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Hoffmann, R. A wiki for the life sciences where authorship matters. Nature Genetics (2008)

The dominant developmental mutants of tomato, Mouse-ear and Curl, are associated with distinct modes of abnormal transcriptional regulation of a Knotted gene.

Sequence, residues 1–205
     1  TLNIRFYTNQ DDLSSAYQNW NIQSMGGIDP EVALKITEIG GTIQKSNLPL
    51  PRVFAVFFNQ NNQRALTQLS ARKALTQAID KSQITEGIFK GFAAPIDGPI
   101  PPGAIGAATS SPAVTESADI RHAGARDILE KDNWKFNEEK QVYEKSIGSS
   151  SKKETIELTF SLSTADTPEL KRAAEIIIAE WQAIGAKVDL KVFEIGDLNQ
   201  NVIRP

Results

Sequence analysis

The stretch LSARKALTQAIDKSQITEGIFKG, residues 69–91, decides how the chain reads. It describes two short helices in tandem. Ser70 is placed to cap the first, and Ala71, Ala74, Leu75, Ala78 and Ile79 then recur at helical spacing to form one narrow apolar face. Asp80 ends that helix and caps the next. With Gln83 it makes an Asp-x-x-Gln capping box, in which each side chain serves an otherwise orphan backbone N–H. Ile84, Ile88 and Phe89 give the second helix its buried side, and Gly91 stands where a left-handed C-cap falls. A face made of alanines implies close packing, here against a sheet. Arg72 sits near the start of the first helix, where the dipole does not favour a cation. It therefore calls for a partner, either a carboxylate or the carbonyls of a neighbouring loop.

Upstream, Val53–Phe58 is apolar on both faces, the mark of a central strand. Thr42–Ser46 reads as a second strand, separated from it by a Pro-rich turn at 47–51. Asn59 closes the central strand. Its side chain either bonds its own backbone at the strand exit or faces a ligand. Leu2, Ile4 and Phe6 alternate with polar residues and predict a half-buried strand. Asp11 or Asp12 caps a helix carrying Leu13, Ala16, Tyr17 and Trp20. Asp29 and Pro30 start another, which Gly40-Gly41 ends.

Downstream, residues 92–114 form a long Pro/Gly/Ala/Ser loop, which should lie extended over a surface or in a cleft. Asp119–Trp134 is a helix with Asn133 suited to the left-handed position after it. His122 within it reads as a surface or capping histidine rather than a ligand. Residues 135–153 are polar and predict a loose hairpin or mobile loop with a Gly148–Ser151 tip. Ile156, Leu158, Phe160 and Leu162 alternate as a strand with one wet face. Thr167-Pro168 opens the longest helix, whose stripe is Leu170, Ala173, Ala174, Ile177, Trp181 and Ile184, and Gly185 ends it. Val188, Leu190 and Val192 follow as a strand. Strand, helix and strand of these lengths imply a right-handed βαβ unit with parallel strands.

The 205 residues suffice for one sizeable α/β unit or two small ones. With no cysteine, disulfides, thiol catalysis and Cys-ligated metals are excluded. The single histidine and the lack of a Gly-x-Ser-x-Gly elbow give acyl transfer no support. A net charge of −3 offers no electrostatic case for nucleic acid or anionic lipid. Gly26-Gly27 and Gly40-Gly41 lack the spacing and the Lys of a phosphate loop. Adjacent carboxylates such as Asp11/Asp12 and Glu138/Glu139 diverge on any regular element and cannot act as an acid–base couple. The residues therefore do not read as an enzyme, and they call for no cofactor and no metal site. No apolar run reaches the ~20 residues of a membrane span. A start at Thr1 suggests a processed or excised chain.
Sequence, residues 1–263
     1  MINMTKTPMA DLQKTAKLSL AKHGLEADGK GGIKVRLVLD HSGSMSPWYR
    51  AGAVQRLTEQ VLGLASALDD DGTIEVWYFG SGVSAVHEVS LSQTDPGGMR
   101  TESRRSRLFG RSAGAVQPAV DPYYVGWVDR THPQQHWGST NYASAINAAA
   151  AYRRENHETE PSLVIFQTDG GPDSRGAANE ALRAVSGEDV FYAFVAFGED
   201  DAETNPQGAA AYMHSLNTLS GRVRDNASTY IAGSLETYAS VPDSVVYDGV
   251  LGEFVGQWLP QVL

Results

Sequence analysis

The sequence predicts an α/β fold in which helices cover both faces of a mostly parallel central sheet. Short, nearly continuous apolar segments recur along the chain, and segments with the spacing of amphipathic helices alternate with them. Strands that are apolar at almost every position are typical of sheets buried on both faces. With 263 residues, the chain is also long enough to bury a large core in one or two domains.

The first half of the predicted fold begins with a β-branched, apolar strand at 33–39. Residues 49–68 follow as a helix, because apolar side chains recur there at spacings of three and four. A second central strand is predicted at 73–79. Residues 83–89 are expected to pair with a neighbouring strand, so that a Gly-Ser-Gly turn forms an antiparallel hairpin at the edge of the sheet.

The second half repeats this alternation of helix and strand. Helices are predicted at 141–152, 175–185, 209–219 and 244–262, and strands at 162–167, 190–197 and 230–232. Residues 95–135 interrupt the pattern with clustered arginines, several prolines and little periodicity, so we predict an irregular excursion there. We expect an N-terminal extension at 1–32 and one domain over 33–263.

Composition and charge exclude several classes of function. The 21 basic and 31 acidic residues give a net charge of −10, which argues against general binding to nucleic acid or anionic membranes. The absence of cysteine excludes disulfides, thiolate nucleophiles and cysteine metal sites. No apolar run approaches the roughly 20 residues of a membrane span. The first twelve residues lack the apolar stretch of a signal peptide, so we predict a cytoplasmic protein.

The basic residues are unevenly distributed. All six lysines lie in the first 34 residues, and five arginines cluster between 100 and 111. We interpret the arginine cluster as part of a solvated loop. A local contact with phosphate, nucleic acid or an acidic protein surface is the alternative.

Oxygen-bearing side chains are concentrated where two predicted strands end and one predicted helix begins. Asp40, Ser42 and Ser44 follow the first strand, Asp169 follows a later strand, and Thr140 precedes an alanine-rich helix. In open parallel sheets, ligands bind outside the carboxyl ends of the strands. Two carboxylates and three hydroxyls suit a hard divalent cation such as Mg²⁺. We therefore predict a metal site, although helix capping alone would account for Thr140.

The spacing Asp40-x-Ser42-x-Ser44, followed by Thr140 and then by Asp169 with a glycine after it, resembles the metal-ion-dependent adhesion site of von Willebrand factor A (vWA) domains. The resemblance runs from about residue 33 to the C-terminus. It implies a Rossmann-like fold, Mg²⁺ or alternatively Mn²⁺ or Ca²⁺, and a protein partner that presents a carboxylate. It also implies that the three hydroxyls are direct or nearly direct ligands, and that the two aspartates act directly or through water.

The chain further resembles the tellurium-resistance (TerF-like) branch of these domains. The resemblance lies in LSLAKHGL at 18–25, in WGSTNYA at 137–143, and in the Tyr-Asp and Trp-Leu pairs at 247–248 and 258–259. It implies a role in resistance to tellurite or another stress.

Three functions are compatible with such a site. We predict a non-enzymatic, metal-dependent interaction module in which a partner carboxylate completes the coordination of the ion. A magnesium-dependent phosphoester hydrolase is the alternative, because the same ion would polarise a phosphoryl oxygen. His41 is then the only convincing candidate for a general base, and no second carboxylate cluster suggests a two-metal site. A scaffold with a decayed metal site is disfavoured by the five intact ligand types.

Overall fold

The Curl (Cu) and Mouse-ear (Me) mutations of tomato cause two seemingly unrelated developmental syndromes with a wide range of pleiotropic phenotypes. Yet, the distinct morphogenic alterations in shoots, leaves, and inflorescences conferred by the two mutations appear to be caused by unchecked meristematic activity that characterizes dominant mutations in Knotted1 (Kn1)-like genes of monocot plants. We have been unable to separate the two closely linked Cu and Me mutations, and they may lie in the same gene. A homeobox-containing class I Kn1-like gene, TKn2, also maps to the same location. Significantly, the dominant mutations are associated with two aberrant modes of TKn2 transcription. Overexpression of the two in-frame wild-type transcripts of TKn2 is associated with the Cu mutation, whereas misexpression of an abundant and oversized fusion mRNA is associated with the Me mutation. Available molecular evidence strongly suggests that the defective Me-TKn2 transcript is generated via a novel splicing event that merges transcripts of two closely linked genes. The translated fusion product is comprised of most of the 5' end of the adjacent PPi-dependent fructose 6-phosphate phosphotransferase (PFP) transcript spliced in-frame to coding position 64 of the TKn2 transcript, leaving the TKn2 homeobox intact. We suggest that class I Kn1-like genes were selected early during evolution to regulate basic programs of aerial meristems and that subtle alterations in their function may be the basis for the wide diversity in growth parameters of shoot systems, leaves, and inflorescences among plant species.[1]


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